Voegelin was influenced by the German- Jewish philosopher Hans Jonas, who studied with Martin Heidegger in Freiburg in the 1920s. Jonas joined the German Jewish Brigade, which fought against Hitler, before emigrating to the US, where he became a professor at the New School in New York. He was one of the foremost scholars of gnosticism, which became Voegelin’s focus. Towards the end of his life, Jonas took up a chair at the University of Munich named after Voegelin.

Voegelin did not study at Freiburg, but one of his closest friends was the social ­theorist Alfred Schütz, a student of Edmund Husserl’s who applied his phenomenological thinking to the sociology of ­everyday life. Marcuse studied with Husserl and Heidegger at Freiburg, at the same time as Jonas and Hannah Arendt. From that shared intellectual root have emerged some powerful ideas that could unite progressives and conservatives.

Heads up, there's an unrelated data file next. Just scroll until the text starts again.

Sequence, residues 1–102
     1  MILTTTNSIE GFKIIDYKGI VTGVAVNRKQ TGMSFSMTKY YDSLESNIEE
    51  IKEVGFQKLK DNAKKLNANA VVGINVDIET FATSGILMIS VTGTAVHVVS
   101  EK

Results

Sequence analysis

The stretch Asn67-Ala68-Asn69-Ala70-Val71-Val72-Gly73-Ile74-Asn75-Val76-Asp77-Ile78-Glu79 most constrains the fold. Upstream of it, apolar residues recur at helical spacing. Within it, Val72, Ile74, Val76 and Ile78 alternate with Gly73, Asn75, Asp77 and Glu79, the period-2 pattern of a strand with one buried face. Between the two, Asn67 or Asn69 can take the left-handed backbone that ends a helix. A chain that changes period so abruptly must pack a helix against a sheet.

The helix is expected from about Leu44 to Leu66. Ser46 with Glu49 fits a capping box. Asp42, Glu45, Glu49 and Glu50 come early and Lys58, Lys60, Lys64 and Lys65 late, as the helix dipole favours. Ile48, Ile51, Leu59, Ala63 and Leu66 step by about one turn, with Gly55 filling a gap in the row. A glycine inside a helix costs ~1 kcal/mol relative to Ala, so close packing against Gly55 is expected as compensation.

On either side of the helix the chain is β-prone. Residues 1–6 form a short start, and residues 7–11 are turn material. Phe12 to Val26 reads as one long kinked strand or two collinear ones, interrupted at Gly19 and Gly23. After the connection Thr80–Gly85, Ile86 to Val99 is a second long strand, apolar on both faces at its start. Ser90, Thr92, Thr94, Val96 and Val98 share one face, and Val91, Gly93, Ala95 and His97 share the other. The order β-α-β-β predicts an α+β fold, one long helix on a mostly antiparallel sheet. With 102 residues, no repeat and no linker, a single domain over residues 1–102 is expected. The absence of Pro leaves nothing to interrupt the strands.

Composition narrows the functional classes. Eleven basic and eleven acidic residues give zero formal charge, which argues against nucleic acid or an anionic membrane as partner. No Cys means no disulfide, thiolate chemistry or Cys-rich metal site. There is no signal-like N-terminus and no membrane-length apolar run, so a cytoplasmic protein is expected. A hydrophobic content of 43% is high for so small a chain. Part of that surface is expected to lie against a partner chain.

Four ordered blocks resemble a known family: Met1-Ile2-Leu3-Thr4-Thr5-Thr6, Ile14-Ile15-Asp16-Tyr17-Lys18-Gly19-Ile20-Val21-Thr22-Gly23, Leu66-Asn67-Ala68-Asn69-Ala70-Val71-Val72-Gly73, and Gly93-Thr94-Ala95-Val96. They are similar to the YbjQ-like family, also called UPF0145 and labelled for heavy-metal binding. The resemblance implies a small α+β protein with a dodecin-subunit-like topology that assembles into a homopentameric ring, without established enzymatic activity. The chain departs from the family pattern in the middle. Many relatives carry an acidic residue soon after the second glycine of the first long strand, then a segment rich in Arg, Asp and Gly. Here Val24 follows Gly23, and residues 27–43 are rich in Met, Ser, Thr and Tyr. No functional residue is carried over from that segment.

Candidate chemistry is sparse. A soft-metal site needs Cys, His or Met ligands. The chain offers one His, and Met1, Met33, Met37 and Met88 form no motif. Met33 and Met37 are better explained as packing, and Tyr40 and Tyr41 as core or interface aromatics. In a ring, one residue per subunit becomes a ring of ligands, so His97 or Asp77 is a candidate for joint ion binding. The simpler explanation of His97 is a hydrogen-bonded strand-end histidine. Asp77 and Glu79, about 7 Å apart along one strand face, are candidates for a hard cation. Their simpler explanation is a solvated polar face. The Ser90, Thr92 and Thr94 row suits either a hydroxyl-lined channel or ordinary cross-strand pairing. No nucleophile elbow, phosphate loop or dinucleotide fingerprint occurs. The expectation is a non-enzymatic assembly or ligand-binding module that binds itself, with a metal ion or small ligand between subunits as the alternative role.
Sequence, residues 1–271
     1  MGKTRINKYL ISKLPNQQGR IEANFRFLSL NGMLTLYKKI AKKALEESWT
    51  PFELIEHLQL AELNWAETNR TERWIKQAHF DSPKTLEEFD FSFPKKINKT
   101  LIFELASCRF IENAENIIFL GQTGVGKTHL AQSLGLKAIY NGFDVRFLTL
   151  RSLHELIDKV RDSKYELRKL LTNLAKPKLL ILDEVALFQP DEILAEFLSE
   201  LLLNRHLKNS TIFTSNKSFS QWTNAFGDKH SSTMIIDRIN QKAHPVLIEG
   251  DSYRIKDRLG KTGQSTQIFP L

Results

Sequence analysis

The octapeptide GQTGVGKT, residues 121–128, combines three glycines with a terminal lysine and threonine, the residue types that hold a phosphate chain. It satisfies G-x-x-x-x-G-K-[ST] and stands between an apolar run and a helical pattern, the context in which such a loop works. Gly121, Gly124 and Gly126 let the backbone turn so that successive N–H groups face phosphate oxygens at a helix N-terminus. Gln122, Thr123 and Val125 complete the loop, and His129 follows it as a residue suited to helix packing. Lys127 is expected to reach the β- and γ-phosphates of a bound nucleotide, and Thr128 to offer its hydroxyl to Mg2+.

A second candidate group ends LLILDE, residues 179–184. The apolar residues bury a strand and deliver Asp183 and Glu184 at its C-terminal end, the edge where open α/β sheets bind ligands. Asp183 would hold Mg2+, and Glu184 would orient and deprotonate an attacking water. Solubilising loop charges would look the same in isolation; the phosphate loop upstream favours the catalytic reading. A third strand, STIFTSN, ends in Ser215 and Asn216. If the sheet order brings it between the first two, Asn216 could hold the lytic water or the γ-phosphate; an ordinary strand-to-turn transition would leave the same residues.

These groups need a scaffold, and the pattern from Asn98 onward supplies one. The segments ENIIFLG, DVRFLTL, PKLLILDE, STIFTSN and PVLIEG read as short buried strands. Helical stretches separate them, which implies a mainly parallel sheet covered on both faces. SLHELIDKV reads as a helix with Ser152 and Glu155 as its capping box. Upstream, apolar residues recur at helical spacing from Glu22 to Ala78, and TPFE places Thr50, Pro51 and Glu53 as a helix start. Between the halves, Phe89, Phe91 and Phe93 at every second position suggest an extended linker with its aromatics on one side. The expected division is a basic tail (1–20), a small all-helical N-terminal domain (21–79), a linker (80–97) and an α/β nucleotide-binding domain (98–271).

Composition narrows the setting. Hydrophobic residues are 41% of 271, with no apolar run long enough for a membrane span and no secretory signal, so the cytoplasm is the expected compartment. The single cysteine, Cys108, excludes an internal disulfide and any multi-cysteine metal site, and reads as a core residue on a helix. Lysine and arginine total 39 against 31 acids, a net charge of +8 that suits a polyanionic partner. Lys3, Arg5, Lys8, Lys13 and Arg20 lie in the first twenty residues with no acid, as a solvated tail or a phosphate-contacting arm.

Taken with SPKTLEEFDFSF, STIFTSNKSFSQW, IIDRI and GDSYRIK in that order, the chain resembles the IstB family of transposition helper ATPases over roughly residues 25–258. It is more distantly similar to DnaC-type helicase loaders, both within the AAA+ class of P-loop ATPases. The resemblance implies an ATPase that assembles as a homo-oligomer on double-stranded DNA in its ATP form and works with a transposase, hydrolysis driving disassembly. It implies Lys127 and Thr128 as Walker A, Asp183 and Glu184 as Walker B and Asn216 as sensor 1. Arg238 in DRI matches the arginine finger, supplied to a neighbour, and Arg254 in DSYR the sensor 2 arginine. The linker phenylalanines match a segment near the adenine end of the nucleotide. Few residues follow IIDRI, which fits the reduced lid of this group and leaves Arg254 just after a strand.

Only at moments of profound crisis – of the kind we are living through – do we see just how contingent, vulnerable and fragile our society is. Voegelin warned: “In an hour of crisis, when the order of society flounders and disintegrates, the fundamental problems of political existence in history are more apt to come into view than in periods of comparative stability.”

A crisis should be a time for profound reflection, yet leaders are more likely to resort to “magical operations” to divert people’s attention: moral condemnation, branding enemies as aggressors, threatening war. “The intellectual and moral corruption,” Voegelin wrote, “which expresses itself in the aggregate of such magical operations may pervade society with the weird ghostly atmosphere of a lunatic asylum, as we experience it in Western society.”

Welcome to the Trump White House.